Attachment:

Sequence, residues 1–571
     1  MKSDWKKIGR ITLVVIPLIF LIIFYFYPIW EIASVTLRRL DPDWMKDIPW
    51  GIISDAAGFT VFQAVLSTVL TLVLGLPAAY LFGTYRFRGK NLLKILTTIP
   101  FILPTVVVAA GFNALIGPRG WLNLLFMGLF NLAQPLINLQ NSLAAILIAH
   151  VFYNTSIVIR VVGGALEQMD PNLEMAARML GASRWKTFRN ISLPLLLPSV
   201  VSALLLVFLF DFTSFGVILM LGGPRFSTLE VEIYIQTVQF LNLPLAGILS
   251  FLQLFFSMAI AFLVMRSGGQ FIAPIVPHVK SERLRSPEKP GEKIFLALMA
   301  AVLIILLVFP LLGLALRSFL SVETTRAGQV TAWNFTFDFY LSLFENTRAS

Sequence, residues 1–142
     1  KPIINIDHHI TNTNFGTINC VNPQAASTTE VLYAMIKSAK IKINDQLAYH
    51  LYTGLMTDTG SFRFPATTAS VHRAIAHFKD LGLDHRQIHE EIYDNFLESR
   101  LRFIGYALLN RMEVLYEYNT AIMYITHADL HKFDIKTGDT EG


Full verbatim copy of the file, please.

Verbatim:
Sequence, residues 1–571
     1  MKSDWKKIGR ITLVVIPLIF LIIFYFYPIW EIASVTLRRL DPDWMKDIPW
    51  GIISDAAGFT VFQAVLSTVL TLVLGLPAAY LFGTYRFRGK NLLKILTTIP
   101  FILPTVVVAA GFNALIGPRG WLNLLFMGLF NLAQPLINLQ NSLAAILIAH
   151  VFYNTSIVIR VVGGALEQMD PNLEMAARML GASRWKTFRN ISLPLLLPSV
   201  VSALLLVFLF DFTSFGVILM LGGPRFSTLE VEIYIQTVQF LNLPLAGILS
   251  FLQLFFSMAI AFLVMRSGGQ FIAPIVPHVK SERLRSPEKP GEKIFLALMA
   301  AVLIILLVFP LLGLALRSFL SVETTRAGQV TAWNFTFDFY LSLFENTRAS

Sequence, residues 1–142
     1  KPIINIDHHI TNTNFGTINC VNPQAASTTE VLYAMIKSAK IKINDQLAYH
    51  LYTGLMTDTG SFRFPATTAS VHRAIAHFKD LGLDHRQIHE EIYDNFLESR
   101  LRFIGYALLN RMEVLYEYNT AIMYITHADL HKFDIKTGDT EG